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Date:   Sat, 2 Sep 2017 10:06:34 -0700
From:   Linus Torvalds <>
To:     Tetsuo Handa <>
Cc:     Sergey Senozhatsky <>,
        Pavel Machek <>,
        SergeySenozhatsky <>,
        Petr Mladek <>,
        Steven Rostedt <>, Jan Kara <>,
        Andrew Morton <>,
        Jiri Slaby <>, Andreas Mohr <>,
        Linux Kernel Mailing List <>
Subject: Re: printk: what is going on with additional newlines?

On Fri, Sep 1, 2017 at 11:12 PM, Tetsuo Handa
<> wrote:
> I just tried to distinguish context using one "unsigned long" value
> by embedding IRQ status into lower bits of "struct task_struct *".
> I can change to distinguish context using multiple "unsigned long" values.

I really really don't think we want to use implicit contexts. I
suspect you'd end up doing something like a per-cpu counter (with
perhaps the CPU number in the low bits or something) and every
exception and sw interrupt etc would increment it.

.. oh, and workqueues etc.

And the end result would be that you'd be very limited in where you
can actually expect buffering to happen.

Which is all a bad design, since just making the buffer explicit is
(a) cheaper and (b) better. Now you can put the buffer on the stack,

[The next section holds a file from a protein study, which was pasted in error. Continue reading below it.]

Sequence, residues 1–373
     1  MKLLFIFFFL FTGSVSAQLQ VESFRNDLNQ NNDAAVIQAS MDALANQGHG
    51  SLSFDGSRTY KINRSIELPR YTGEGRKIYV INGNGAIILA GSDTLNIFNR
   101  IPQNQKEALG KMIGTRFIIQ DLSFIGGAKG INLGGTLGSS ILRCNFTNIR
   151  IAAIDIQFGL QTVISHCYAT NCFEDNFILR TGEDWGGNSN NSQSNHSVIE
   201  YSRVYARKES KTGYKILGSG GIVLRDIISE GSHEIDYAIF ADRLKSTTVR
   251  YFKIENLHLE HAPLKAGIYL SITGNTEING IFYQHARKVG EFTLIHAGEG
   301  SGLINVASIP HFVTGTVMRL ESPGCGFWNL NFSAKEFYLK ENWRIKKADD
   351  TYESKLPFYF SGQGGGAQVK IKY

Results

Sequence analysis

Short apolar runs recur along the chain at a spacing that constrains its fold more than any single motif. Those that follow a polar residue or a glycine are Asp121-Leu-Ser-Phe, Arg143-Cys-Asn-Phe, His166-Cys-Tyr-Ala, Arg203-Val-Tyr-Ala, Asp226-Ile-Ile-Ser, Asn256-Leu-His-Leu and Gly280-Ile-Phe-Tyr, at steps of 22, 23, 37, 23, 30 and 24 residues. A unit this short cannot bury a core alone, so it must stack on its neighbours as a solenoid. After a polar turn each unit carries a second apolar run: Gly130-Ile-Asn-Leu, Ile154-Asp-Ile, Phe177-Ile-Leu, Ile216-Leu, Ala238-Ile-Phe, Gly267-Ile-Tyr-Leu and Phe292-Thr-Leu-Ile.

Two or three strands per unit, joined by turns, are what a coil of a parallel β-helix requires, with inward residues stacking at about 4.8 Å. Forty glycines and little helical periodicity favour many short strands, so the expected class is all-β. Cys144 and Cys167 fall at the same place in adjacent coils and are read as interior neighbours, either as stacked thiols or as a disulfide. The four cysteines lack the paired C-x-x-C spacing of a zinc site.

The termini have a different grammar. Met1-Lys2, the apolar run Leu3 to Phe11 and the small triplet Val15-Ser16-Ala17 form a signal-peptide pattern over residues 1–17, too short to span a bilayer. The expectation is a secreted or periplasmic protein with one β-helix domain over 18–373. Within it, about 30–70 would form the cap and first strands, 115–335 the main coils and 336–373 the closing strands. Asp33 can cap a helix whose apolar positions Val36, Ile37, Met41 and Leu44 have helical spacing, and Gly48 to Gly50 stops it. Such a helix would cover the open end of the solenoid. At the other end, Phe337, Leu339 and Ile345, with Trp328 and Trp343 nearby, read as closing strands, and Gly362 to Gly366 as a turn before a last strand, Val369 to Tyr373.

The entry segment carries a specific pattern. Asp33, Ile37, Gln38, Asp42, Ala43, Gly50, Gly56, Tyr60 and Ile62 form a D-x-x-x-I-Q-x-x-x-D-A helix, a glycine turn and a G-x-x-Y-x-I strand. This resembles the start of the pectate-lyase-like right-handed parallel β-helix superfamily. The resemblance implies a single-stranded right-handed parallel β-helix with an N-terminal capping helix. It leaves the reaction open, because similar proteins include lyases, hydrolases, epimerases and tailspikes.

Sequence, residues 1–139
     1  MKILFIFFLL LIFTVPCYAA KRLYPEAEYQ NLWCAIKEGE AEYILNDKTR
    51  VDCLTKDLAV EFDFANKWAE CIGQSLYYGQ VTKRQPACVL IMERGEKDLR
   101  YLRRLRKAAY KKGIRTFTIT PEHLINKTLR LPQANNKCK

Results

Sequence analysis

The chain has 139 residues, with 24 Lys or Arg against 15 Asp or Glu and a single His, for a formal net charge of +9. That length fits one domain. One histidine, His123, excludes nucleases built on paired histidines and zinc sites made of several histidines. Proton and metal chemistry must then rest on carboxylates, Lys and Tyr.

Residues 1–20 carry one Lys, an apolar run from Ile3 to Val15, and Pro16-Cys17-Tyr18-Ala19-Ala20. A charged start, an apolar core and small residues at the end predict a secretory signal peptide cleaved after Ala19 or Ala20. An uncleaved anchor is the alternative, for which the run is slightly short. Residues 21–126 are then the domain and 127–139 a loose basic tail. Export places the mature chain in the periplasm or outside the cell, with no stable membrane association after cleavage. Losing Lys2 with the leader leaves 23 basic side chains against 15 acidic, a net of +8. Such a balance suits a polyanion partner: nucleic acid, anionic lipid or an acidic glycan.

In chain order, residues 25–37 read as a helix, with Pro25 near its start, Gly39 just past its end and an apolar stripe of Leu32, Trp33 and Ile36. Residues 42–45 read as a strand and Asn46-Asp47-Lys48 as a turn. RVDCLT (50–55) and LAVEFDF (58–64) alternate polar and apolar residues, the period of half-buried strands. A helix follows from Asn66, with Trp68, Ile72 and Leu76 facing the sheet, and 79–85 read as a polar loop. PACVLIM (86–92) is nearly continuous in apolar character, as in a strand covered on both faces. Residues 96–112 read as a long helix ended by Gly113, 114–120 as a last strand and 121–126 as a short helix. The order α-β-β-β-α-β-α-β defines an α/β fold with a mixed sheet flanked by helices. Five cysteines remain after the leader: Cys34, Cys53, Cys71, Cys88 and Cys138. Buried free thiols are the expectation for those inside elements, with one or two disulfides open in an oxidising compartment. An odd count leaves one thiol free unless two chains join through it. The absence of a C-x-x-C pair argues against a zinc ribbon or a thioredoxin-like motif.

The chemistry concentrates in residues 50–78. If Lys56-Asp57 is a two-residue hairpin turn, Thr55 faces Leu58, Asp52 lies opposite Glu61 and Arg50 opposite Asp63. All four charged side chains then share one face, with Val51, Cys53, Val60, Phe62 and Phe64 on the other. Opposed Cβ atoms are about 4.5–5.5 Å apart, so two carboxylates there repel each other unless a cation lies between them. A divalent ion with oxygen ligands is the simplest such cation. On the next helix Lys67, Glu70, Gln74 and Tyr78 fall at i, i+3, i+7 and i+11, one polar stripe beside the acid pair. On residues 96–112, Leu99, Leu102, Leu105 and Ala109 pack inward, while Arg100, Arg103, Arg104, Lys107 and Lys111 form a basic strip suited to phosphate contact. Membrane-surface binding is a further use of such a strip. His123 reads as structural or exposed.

you never have to worry about where you need to track context, and you
have no buffering limits (ie you can buffer across any event).

> If my assumption was wrong, isn't it dangerous from stack usage point of
> view that we try to call kmalloc()

I think there might be situations where you want to do that, but since
we're talking _printing_, we also know that the buffering normally is
about a single line.

Sure, some situations might want to buffer more before they print out
(perhaps you want to have guarantees that the register state of an
oops never gets mixed up with anything else, or whatever), and maybe
sometimes you'd want bigger lines.

But I definitely suspect that "single line" is often sufficient. I
mean, that's all that KERN_CONT ever gave you anyway (and not

And then a 80 character buffer really isn't any different from having
a structure with a few pointers in it, which we do on the stack all
the time.


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